"In this book, John Jordan and John McIntosh offer clinicians a resource of great value.While the field often offers lip service to the phrase "evidence-based", Jordan and McIntosh deliver a work that integrates theory, research, and sound clinical acumen. This book will become the essential resource for understanding suicide and assisting survivors of all ages in coping with the aftermath." - Kenneth J. Doka, PhD, Professor, The College of New Rochelle; Senior Consultant, The Hospice Foundation of America
"This book is a cornucopia of rigorous scholarship and practical clinical guidance on bereavement and grief after suicide. The authors’ incisive writing styles are engaging and their chapters unfold as a coherent narrative of the complex aftermath of suicide. This comprehensive text will stimulate the theoretician, enlighten the empirical researcher, and enliven the clinician." - Ted Rynearson, MD, Clinical Professor of Psychiatry, University of Washington; Medical Director, Virginia Mason Separation & Loss Service, Seattle, Washington
"This much needed volume is a ‘tour de force’ in suicide bereavement! The editors have assembled world experts whose review of the published literature is encyclopedic in breadth yet manageable and illuminating for the reader. Their up-to-date descriptions of established US and international support programs are invaluable as are their incisive directives for future research and individual and programmatic resources for survivors." - Michael F Myers, MD, Professor of Clinical Psychiatry, SUNY Downstate Medical Center; Co-Author (with Carla Fine), Touched By Suicide: Hope and Healing After Loss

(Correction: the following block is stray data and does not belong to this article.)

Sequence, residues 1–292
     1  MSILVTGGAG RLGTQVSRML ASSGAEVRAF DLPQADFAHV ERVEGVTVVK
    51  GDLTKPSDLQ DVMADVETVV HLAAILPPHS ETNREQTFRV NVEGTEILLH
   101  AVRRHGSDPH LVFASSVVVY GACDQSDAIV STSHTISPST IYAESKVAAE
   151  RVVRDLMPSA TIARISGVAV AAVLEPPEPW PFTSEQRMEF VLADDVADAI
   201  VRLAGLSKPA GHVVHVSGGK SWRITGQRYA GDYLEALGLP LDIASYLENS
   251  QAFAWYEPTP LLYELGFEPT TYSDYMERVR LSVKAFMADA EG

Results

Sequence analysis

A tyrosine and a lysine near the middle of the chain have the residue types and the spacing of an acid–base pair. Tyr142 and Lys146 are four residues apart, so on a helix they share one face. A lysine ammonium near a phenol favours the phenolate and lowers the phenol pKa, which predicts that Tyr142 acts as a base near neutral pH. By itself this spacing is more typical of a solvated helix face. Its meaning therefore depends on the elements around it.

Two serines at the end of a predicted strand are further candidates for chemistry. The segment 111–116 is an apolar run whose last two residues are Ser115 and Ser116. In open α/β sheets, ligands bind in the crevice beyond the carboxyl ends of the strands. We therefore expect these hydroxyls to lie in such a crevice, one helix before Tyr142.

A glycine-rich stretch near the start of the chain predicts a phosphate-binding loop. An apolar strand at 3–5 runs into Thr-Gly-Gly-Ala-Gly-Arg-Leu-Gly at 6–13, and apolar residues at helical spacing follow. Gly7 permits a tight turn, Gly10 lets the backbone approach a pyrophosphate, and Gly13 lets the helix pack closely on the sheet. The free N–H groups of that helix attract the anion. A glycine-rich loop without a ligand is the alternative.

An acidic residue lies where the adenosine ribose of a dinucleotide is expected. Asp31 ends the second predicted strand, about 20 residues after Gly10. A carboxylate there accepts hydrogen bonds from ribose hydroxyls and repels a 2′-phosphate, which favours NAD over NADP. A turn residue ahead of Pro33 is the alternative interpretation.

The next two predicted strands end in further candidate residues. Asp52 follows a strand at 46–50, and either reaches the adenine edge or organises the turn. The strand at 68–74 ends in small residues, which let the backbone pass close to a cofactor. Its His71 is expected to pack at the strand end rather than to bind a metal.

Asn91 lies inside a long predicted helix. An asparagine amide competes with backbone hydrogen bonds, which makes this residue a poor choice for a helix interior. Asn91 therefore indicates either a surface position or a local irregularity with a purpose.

"The publication of this comprehensive book is a recognition that the long-neglected field of bereavement after suicide has reached a level of sophisticated evidence, experience and expertise. The book successfully assembles and draws together the various themes and threads relating to the nature and course of grief after suicide, and the array of options for providing support to those bereaved by suicide." - Annette Beautrais PhD, Senior Research Scientist, Yale University School of Medicine; Professor, University of Otago, Christchurch, New Zealand
"People undoubtedly have been taking their lives since the dawn of mankind, yet our understanding of the trauma suicide has on those intimately and directly affected has received scant scholarly attention and, at that, only in the last half century. This book represents a sea change in that history. Jordan and McIntosh bring years of compassion and scholarship to the topic and offer us both fresh perspective and a challenge to move toward a more meaningful clinical and research understanding of this long-neglected experience. This is a pioneering effort and a most significant piece of scholarship." - Lanny Berman, PhD, ABPP, Executive Director, American Association of Suicidology
"…a MUST book to read and keep in your professional library…this book is a rich bearer of resource information that will serve you well… It is academic, clinical, resourceful and personal…Nothing would distract me from recommending this book. I believe it will set a new standard for understanding, comfort, and restoration…The book is excellent, a must for your library, and it does a superb job of advocating for the mourner." - Richard B. Gilbert, Ph.d., in Illness, Crisis & Loss